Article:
Secrets of St.-Rémy: The Best Place for a Picnic

Just ten minutes from the center of St.-Rémy is a shady picnic spot known only to the locals. It sits along the shores of a lake created thousands of years ago by the Romans.

When hordes of tourists crowd into town, it’s nice to take a break in a quiet spot. So grab some wine and cheese and let’s go!

The Lac du Peiroou is a small reservoir, the result of a dam that spans two rocky outcroppings near the ancient city of Glanum. While the present dam was built a century ago, the original dam dates back to the first century B.C! The Romans put it there to supply water to Glanum and it may have been the first vaulted (curved) dam ever built.

The dam is at the bottom of the V

The lake has a wide, grassy area at one end, with trees that provide welcome shade on a sunny Provençal day. It’s the perfect place to spread out a blanket and enjoy a lazy afternoon. And stocking up for your picnic is easy – you can get everything you need at St.-Rémy’s Jardin des Alpilles. 

Dogs love it, too!

You can splash around in the small beach area to cool off, but don’t try catching any fish – you need a special permit for that.   So just relax, read a book and think about where you are going to have dinner.

 Is that a fish?

 

Getting There

Head south out of St.-Rémy in the direction of Glanum. About half a mile past the Tourist Office make a right turn onto Avenue Antoine de la Salle. There’s a small sign marking the route to Lac du Peiroou but go slowly and look carefully because it’s easy to miss.

After about a quarter of a mile, the road will fork and there won’t be any signs telling you which way to go. But have no fear! Turn left and go about 2/3 of a mile. At this point there will be a little road leading off to the left and you’ll see a small parking lot. The lake is just beyond.

If you drive, be careful along the last stretch because the road is narrow and a bit twisty. You can also bike or walk to the lake but beware – there are some hilly spots that you might want to avoid on a hot day!

What Would You Like to Read?

Hello!

One Sip at a Time: Learning to Live in Provence has been out for six months and has been gratifyingly well received.  Thanks to everyone who has read it and an extra-special thanks to those of you who have written a review.  I really appreciate it!

I’m planning to write a second book, continuing the story of the adventures Val and I have been enjoying in France.  Before I do, I would love to get your thoughts.  I have a few questions and would be very grateful if you would let me know what you think.

 

What did you enjoy about One Sip at a Time?

What would you have liked to be different in the book?

What did you expect but not find in the book?

What would you like to see in a second book about our life in France? How would you like it to be different from the first book (if at all)?

Please share your thoughts in the comments section below.  Or you can email me directly at author@keithvansickle.com.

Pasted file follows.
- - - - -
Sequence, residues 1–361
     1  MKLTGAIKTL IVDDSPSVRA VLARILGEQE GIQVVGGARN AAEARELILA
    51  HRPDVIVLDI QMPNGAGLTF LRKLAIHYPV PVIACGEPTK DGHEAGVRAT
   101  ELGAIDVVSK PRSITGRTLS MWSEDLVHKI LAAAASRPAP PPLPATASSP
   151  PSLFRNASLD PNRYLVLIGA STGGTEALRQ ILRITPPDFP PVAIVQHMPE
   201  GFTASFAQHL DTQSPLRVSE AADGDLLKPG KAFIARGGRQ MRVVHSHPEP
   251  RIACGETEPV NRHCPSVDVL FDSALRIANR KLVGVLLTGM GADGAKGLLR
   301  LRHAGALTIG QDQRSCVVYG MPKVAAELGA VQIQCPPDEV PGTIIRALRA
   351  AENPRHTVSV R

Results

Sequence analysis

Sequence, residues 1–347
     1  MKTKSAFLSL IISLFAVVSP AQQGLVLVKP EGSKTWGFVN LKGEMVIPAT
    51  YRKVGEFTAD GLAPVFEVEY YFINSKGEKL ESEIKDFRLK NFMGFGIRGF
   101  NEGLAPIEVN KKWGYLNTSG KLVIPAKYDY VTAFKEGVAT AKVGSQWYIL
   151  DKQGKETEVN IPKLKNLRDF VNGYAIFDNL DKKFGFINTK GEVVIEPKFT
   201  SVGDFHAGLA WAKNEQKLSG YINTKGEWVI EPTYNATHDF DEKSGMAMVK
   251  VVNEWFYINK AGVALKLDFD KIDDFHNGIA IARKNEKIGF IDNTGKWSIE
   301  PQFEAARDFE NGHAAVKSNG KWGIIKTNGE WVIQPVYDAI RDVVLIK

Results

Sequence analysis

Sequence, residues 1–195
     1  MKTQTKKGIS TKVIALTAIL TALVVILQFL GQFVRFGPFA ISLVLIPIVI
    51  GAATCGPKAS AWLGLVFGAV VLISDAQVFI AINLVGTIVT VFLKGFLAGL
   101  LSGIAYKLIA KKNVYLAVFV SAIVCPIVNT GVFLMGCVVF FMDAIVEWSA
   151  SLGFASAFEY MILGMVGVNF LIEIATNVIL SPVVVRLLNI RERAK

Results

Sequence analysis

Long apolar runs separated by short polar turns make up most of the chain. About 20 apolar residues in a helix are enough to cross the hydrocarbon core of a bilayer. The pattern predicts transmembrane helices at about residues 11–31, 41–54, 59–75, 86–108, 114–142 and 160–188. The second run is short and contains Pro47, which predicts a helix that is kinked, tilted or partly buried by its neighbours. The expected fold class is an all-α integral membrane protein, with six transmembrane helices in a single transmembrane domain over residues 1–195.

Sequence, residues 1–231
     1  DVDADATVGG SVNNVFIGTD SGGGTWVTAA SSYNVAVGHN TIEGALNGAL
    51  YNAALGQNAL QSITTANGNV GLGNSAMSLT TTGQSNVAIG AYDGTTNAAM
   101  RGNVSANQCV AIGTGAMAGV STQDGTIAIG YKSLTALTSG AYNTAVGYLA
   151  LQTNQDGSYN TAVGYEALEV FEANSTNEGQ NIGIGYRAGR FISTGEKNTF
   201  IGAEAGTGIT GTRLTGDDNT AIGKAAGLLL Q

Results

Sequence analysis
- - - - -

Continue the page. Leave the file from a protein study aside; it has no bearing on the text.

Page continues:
Thank you!

Keith

The Best Value Wine in France? (and a secret picnic spot)

Just ten minutes from one of France’s most famous sites, the Roman aqueduct Pont du Gard, sits the tiny village of Estézargues.  There’s not much there – no charming cafés or famous monuments.  But on the edge of town you can find some astonishingly good wine— wine that you might consider the best value wine in France!

You can read the full article at France Travel Tips.

The Alpilles from the Air

Many of us love the Alpilles, the “little Alps” that rise between the famous Provençal towns of St-Rémy and Les Baux. Their craggy beauty dominates the surrounding landscape. But outside of taking a plane ride, it is impossible to appreciate them from the air.

Until now.

Gilles Lagnel’s new book, Les Alpilles Vues du Ciel, includes over 100 magnificent photos of the Alpilles and their many attractions.

You can read the full article at Perfectly Provence.

 

A Story of Franco-American Friendship

Today is Bastille Day, with presidents Macron and Trump joining together to recognize America’s entry into WWI a century ago. No matter what you think of the politics of these two men, it is heartening to see this recognition of the long friendship between our two countries.

It reminded me of a story from a few years ago, when my wife and I were living in France…

We were walking through town with our dog Lucca when an older gentleman asked what breed he was. We stopped to talk and he quickly figured out from our accents that we are not native French speakers.

“Are you English?” he asked suspiciously. Relations across the English Channel are not always the friendliest.

His frown became a smile when we explained that we are Americans. He shook our hands warmly and thanked us for “saving” France in 1944.

It wasn’t the first time this had happened. It was always gratifying to know that American sacrifices during the war are still remembered and honored.

When someone thanked us for 1944 we always tried to return the favor.

We would express our gratitude for France’s essential support during our war of independence. We would point out that France is America’s oldest ally.

And we would tell them something that even most Americans don’t know.